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In trio formations, as soloist and fellow musician of the Singers Unlimited - this is how piano giant Oscar Peterson has so far appeared on the re-releases from the MPS catalogue. In the series Ambassadors for MPS, the Canadian now reveals another exciting face with a 1969 recording selected by Till Brönner: on Motions & Emotions we experience him with jazz versions of popular pieces from Pop, Easy Listening and Songwriting as the protagonist of a quartet of longtime companions, embedded in rich orchestral colors. She was painted by a magician of the guild, the great Claus Ogerman, who had previously worked for Tom Jobim. The Brazilian is also represented with his standard "Wave", in which the orchestra builds a luminous tropical backdrop for Peterson's fantastically dragged phrasing. Peterson and Ogerman pay tribute to another great orchestra leader, Henry Mancini, in "Sally's Tomato" with feather-light trilling brilliance. Jimmy Webb's "By The Time I Get To Phoenix" experiences a metamorphosis almost into the classical - Ogerman opens infinite sound spaces here with the distantly indulging strings. Bobbie Gentry's "Ode To Billy Joe" cleverly abducts Countryfolk into Bigband Jazz by means of fiery keyboard playing. Finally the hits: from soul comes Bobby Hebb's "Sunny", whose theme the pianist here cleverly harmonizes out to then decorate it bluesy in dialogue with the wind instruments. Burt Bacharach's "This Guy's In Love With You" shines with a leisurely late night mood and a pompous finale. "Yesterday" is provided with a sparkling bossa substructure, while the second Beatles homage "Eleanor Rigby" oscillates between loose groove, deep melancholy and swing. Peterson plus quartet plus orchestra: Enthusiastic detail work also in the popular sector.
"The question about favorite albums is basically not an easy one, except in my case, because Motions & Emotions by Oscar Peterson is actually my absolute favorite album. I think Motions & Emotions might even be the perfect instrumental album." - Till Brönner
DOES HORCH HOUSE DO ANY KIND OF REMASTERING DURING THE COPYING PROCESS?
Absolutely not! Why mess with the best? The whole point of what they do lies in capturing the magic of the original analogue master tape in its purest, most faithful form possible.
'Remastering' can be compared to using computer software to edit an original photograph. The benefits are that you can remove unwanted marks or noise, clean things up, remove distortion and boost clarity. The downside is that in doing so, you often lose the natural essence of the original and the result can seem rather synthetic, lacking in real life character.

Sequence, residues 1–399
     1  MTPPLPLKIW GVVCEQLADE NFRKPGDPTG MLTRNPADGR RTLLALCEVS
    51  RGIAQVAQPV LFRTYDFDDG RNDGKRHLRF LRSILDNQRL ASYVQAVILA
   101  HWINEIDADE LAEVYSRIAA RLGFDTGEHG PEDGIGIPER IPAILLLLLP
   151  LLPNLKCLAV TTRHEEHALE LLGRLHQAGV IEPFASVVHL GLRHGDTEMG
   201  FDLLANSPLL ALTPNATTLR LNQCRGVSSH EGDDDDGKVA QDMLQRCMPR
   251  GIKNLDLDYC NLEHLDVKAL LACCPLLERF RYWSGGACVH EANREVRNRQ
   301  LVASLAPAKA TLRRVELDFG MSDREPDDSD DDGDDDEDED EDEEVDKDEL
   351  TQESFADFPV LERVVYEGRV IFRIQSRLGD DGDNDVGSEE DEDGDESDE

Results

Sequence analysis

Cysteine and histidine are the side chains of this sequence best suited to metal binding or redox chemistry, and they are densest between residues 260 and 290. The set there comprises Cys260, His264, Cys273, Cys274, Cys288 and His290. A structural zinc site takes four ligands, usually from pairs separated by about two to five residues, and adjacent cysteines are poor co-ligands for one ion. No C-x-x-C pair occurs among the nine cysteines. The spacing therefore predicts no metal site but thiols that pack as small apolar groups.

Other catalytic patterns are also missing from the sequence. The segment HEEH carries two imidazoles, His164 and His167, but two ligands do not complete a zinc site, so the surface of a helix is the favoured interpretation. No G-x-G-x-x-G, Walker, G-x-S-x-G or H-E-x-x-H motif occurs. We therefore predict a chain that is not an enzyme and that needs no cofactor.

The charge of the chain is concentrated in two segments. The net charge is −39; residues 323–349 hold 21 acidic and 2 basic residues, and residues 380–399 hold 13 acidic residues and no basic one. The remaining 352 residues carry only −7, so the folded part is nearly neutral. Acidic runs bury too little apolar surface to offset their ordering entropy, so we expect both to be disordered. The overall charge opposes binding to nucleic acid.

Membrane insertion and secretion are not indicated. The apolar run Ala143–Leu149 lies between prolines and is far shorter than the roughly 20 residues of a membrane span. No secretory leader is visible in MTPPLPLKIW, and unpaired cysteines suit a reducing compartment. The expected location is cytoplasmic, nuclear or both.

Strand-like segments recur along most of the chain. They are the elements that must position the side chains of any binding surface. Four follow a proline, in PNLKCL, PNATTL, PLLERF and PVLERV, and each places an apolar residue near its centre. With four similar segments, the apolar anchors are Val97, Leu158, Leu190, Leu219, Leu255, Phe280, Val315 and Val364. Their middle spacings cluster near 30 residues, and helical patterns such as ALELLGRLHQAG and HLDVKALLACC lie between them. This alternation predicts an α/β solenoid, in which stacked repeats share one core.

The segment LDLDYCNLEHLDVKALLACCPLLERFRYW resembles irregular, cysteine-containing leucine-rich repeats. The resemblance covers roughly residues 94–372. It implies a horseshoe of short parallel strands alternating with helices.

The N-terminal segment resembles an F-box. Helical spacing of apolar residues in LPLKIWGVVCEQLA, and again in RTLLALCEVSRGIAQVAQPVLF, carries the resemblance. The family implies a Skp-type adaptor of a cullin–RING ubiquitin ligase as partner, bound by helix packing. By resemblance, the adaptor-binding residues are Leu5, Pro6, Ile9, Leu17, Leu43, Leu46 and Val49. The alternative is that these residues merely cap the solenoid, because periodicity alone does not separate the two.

The unfortunate fact is that tapes, like photographs, do tend to age over time, and most analogue masters are now between 30-80+ years old.
So Horch House undertake a painstaking 'soft refurbishing' process, which is key to recapturing the original quality of a master tape.
CAPTURING THE MAGIC OF MASTER TAPE
How exactly does Horch House translate an original analogue master tape into faithful copies on reel-to-reel tape and vinyl records?
They use a process that's been meticulously researched and developed by their expert team of sound engineers, with input from some of the world's leading specialists.
The first step is to carefully assess the sound quality of the original master tape, which their experts do in great detail. The unfortunate fact is that tapes do tend to age over time, and most analogue masters are now between 30-80+ years old. What they're looking to do, therefore, as an integral part of their copying process, is to restore the sound quality back to its original level. They want you to hear exactly what the first sound engineers heard (and indeed the musicians themselves), on the day that the original recording was made. This is in stark contrast to any kind of 'remastering', which they most definitely do not do! They're not looking to 'improve' the recording in any way, but rather to return it as closely as possible to its full original beauty.
They call this their 'soft refurbishing' process.
HOW CLOSE ARE HORCH HOUSE COPIES TO THE ORIGINAL MASTER TAPES?
Horch House believe that they're as close as it's possible to get - not simply to the master tape in its current condition, but to that master tape's original condition. Thanks to their detailed 'soft refurbishing' process, their master tape copies could, in a sense, now be considered as better than the current originals because they've been lovingly restored to deliver the same sound quality that the originals had on the day they were first recorded.
WHAT ABOUT COPYRIGHT? ARE MASTER TAPE COPIES LEGAL?
All Horch House master tape copies are fully authorized, licensed and approved by the relevant record label/music publisher.
** It is standard practice in all recording studios to keep the tape "tail out". This reduces "pre-echo" and it means that the tape should be placed on the right hand side of the recorder, re-wound and then played.
- Studio Master Copy
- 1-Reel Tape
- Tape Material: RTM SM900
- Recording Speed: 15IPS - 38cm/sec
- Rec. Level (mag flux): 510 nWb/m
- Equalisation: CCIR
- Width & Tracks: 1/4" - 2 Track
- Reel: Metal - 10.5" - 26,5 cm
- Production on Studer machines refurbished to factory specification
- Recorded in the private studio of Hans Georg Brunner-Schwer
- Recording director & engineer: Hans Georg Brunner-Schwer
- Fully authorized, licensed & approved by the record label/music publisher
- Horch House Deluxe Packaging
- Sally's Tomato
- By The Time I Get To Phoenix
- This Guy's In Love With You
- Eleanor Rigby
- Ode To Billy Joe